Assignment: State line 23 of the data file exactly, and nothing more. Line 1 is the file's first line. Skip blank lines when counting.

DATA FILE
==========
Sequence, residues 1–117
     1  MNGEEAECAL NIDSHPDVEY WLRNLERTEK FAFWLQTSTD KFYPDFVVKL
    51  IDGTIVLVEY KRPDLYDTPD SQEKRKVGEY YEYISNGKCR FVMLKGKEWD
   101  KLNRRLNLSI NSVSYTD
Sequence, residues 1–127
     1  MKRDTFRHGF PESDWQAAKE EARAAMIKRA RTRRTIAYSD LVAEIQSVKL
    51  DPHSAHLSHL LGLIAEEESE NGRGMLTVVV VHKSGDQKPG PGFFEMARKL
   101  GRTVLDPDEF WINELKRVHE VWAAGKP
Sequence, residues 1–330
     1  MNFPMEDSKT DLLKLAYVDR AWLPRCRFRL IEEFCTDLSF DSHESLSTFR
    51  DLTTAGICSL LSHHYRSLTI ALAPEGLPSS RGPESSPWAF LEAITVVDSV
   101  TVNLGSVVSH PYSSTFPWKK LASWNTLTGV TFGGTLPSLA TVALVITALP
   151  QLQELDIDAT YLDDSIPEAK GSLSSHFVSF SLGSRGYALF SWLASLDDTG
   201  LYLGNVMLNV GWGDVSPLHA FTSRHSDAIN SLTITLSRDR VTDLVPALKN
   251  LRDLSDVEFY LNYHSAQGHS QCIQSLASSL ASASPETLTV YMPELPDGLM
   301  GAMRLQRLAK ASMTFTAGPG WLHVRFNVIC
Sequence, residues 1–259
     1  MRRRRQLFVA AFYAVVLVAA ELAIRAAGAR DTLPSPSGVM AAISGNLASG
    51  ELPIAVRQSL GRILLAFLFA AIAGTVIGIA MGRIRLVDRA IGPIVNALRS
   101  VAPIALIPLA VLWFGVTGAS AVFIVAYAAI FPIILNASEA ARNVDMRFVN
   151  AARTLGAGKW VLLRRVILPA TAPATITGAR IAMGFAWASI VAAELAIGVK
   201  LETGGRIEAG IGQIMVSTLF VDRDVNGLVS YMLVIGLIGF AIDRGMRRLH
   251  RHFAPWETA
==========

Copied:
   251  RHFAPWETA